One thing a sole B-1 visa would differ from a sole B-2 or combined B-1/B-2 is the minimum length of stay granted. The USCIS page on B-1 Temporary Business Visitor has:

Initial Period of Stay: 1 to 6 months; 6 months is the maximum

And 8 CFR 214.2(b) has:

Any B-2 visitor who is found otherwise admissible and is issued a Form I-94 will be admitted for a minimum period of six months, regardless of whether less time is requested.

Finally, whether you can do tourist-y things, the answer is a yes but it's really hard to find an official source to it and it's stated in a truly bass ackwards manner. But here's what the USCIS says on Change My Nonimmigrant Status:

You do not need to apply to change your nonimmigrant status if you were admitted into the United States for business reasons (B-1 visa category ) and you wish to remain in the United States for pleasure before your authorized stay expires.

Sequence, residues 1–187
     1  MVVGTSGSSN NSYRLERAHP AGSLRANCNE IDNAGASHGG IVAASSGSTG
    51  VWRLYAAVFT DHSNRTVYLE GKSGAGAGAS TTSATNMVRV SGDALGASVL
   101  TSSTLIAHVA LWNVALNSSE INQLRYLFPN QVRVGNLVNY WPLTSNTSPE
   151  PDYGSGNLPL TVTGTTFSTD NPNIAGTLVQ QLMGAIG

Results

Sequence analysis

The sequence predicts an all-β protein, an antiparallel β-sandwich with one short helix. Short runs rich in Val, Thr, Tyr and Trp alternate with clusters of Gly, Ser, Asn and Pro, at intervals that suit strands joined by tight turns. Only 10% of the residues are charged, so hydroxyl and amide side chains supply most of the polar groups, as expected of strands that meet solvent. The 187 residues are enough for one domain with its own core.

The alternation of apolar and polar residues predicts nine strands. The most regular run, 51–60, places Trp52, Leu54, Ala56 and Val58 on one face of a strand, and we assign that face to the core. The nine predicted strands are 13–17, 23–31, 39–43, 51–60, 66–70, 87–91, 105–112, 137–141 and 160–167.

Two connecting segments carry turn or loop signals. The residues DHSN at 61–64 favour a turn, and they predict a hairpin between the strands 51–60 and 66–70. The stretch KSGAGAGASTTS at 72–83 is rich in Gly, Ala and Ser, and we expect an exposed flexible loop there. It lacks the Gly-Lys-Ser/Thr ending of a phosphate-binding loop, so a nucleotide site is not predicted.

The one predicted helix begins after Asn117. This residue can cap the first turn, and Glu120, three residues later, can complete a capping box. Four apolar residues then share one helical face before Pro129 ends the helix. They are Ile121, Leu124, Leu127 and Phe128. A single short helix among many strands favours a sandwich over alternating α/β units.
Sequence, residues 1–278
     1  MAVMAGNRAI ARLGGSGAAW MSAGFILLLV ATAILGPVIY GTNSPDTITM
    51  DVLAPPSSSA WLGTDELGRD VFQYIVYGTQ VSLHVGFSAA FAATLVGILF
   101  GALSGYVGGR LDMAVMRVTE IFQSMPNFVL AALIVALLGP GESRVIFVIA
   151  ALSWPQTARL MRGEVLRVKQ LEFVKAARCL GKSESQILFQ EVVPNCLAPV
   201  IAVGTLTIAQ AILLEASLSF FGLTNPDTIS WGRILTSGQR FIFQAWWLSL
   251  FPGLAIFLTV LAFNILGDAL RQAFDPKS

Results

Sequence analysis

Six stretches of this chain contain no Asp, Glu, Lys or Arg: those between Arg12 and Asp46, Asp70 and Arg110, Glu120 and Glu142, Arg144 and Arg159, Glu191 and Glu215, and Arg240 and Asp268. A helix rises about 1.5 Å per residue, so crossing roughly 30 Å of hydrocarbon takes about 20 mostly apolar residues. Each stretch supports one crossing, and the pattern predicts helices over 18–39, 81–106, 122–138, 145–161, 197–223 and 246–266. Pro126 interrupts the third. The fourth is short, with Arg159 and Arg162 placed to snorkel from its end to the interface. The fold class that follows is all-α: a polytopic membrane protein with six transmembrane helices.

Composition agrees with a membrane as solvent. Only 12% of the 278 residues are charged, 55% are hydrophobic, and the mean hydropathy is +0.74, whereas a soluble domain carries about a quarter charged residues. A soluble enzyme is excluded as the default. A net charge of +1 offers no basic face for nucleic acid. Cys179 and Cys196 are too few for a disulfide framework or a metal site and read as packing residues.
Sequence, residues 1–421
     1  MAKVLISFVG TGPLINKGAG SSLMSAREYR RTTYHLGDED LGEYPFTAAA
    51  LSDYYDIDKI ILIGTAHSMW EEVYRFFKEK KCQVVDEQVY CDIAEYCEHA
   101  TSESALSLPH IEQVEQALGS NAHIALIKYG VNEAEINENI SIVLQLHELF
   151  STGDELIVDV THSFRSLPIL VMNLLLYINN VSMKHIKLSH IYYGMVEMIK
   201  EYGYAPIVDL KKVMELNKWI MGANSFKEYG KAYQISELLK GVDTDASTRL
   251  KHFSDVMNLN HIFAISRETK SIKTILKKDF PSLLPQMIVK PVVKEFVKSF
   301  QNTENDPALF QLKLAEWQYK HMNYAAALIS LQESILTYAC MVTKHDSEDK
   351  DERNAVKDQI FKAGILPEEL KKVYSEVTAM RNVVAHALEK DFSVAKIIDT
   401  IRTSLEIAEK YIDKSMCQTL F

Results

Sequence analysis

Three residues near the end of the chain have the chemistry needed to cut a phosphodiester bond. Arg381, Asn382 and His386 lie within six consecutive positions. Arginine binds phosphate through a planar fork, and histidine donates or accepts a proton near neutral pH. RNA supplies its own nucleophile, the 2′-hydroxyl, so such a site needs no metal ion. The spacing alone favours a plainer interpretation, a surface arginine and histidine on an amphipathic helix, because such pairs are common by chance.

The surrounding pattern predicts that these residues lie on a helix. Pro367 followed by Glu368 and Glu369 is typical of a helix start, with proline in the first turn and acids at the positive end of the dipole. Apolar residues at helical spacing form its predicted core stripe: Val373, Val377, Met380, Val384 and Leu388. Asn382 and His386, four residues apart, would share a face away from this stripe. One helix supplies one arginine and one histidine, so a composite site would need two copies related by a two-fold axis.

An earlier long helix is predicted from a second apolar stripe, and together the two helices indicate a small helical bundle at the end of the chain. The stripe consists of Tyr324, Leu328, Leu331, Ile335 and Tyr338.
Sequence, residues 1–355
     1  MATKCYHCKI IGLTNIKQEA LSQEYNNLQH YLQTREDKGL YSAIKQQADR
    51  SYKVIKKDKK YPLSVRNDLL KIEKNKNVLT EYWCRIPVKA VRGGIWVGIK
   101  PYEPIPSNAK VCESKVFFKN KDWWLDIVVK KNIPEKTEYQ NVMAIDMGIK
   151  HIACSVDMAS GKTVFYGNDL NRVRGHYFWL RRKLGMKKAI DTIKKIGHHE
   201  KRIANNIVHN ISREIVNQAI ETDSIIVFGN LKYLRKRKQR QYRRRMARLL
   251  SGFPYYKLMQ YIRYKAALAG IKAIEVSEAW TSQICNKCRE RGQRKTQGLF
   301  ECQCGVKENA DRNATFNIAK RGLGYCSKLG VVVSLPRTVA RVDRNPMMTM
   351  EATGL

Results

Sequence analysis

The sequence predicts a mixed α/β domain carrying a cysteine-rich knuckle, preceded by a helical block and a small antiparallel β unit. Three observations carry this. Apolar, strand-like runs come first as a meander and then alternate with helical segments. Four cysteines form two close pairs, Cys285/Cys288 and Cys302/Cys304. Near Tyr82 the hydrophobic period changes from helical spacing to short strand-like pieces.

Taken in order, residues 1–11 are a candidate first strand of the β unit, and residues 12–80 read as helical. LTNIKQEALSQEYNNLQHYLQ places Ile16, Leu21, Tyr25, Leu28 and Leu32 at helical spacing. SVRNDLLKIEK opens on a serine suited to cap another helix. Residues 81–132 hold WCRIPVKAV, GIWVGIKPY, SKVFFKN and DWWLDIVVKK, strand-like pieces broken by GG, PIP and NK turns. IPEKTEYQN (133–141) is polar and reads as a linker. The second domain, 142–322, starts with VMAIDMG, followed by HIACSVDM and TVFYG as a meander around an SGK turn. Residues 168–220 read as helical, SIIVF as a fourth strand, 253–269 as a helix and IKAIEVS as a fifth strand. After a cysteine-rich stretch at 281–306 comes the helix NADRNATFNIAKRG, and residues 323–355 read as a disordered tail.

While it is not pertinent to this question, it is worth mentioning that it does not say you can freely do all you can do with a B-1 visa if you were admitted on a B-2.

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You can stay in the USA for the duration you will get at the airport which will be on your I-94, typically six months.